MADRID (AP) — Spaniards were voting in regional elections Sunday that could see the conservative Popular party oust the Socialists from office in their heartland of Andalucia for the first time in over 35 years.
More than 7 million people are expected to vote at polling stations in the southern region, and also in northern Asturias.
The conservatives already rule national parliament after November's general elections, and wins in both polls would give them control over 14 of Spain's 17 regions.
Spain has been severely hit by the European financial crisis, and is struggling with a euro-zone high unemployment rate of nearly 23 percent. First quarter figures are expected to show the economy has slipped into its second recession in three years
Victory would enable Prime Minister Mariano Rajoy to extend the implementation of his party's austerity measures regionally.
Andalucia, Spain's most populous region with more than 6 million registered voters, has been the Socialist party's heartland since Gen. Francisco Franco's dictatorship ended in 1975.
Seville, Andalucia's capital, was the birthplace of former Socialist leader Felipe Gonzalez, who served four successive mandates as prime minister from 1982-1996 and helped cement democracy after Franco and the divisive 1936-1939 civil war that had preceded his rule.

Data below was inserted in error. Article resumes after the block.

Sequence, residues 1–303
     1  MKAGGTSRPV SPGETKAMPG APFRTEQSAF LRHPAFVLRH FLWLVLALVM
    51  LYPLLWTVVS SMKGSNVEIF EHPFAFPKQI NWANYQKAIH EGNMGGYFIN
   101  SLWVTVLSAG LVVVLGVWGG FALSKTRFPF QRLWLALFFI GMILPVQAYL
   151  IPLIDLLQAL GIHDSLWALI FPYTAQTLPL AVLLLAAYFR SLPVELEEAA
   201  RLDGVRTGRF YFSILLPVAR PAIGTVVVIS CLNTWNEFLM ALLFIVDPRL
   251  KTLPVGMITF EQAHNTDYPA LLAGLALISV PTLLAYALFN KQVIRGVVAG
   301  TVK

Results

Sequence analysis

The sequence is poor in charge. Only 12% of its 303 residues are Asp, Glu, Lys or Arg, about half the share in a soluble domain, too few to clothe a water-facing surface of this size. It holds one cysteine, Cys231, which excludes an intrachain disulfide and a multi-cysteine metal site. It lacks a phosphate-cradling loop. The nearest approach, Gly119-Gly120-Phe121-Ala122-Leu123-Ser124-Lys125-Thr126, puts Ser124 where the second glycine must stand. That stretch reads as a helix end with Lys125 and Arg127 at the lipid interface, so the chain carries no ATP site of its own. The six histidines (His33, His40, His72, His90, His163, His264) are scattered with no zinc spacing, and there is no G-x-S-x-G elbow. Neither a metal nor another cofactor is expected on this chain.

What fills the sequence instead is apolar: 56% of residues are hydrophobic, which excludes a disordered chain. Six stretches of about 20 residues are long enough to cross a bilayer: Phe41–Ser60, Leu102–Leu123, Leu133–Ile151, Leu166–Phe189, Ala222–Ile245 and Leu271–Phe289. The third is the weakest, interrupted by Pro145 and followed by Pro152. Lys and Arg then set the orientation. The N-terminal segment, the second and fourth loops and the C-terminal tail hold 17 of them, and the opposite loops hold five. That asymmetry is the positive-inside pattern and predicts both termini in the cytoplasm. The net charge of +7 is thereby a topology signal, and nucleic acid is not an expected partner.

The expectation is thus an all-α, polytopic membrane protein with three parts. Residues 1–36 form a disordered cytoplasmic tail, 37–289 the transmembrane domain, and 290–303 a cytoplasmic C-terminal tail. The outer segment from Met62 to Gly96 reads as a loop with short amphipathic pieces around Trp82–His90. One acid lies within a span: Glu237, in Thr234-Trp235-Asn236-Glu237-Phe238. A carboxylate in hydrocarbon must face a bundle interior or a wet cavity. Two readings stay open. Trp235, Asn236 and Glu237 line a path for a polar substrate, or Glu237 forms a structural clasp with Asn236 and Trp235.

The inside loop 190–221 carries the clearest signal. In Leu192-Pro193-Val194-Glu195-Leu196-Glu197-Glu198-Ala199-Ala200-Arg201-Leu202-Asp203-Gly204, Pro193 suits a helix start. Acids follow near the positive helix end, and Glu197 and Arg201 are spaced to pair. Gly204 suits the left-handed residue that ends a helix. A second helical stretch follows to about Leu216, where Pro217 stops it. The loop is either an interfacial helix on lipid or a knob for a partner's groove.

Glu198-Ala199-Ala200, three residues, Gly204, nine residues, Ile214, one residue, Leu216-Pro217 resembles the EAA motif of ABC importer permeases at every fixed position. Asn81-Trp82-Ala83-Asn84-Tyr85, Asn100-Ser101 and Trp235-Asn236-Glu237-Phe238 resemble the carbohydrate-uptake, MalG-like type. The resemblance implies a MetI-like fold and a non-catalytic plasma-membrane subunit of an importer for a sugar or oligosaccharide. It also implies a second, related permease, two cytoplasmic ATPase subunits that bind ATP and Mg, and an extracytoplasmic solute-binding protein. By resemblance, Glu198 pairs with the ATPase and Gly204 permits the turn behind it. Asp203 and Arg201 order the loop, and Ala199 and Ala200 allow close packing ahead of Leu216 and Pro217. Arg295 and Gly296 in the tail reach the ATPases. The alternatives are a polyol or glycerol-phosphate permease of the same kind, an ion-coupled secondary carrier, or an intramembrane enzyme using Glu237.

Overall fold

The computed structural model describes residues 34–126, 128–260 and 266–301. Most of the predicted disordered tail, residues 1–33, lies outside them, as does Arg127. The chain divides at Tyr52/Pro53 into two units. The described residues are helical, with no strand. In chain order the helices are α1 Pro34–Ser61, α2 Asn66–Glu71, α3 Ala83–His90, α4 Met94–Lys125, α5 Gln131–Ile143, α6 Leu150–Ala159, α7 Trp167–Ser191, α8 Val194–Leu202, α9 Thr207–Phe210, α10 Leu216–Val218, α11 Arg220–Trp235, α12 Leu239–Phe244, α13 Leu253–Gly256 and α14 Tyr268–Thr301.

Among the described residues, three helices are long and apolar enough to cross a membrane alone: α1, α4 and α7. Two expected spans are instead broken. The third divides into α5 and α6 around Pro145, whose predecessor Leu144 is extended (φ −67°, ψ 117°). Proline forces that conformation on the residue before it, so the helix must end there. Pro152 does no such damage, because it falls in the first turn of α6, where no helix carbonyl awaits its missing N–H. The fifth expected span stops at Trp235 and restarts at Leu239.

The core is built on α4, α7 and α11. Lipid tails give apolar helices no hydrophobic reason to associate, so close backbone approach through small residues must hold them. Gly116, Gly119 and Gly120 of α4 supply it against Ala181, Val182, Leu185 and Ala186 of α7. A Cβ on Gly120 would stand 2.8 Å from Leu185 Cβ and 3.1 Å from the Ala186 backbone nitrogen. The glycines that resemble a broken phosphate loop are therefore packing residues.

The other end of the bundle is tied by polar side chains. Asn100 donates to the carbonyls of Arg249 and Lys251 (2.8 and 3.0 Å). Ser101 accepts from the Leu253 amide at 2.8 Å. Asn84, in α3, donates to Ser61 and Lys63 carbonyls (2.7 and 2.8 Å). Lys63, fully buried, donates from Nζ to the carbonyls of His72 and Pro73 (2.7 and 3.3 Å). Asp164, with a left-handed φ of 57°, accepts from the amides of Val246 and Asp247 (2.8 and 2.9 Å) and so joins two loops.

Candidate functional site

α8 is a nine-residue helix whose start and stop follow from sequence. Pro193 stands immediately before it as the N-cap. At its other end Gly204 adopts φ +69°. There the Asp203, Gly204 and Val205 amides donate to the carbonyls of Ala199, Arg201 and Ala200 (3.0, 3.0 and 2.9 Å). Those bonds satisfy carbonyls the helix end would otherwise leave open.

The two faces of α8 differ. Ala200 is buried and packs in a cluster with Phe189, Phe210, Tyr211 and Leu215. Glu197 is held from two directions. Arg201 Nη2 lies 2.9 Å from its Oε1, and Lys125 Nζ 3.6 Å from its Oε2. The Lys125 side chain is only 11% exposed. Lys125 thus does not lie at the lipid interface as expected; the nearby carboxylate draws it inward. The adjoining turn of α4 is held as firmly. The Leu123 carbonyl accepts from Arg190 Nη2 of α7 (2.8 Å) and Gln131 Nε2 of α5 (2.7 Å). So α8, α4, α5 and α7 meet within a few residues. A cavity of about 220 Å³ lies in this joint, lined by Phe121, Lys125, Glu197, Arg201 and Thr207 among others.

Rajoy has held off announcing his government's much awaited 2012 budget and introducing more stringent reforms so as not to jeopardize chances of victory, but this tactic has caused a sharp lack of confidence in international markets, causing the country's 10-year bonds to hit 5.51 percent on Friday before rallying slightly to end the week at just below 5.4 percent.
The rise in borrowing costs has led Olli Rehn, the European Union's economic affairs commissioner who is in charge of policing the bloc's debt and deficit limits, to insist that Spain exert greater budget discipline and push through more stringent austerity measures.
Two weeks ago, Rehn said giving Spain a bit of leeway did not violate recently introduced tighter rules against overspending in the Euro zone.
Now, with Spain apparently heading toward one of Europe's deeper recessions, Rehn has called on Rajoy to regain market confidence by sticking to a deficit target of 3 percent of economic output by next year.
Spain's 2011 deficit came in at 8.5 percent of GDP instead of the 6 percent forecast.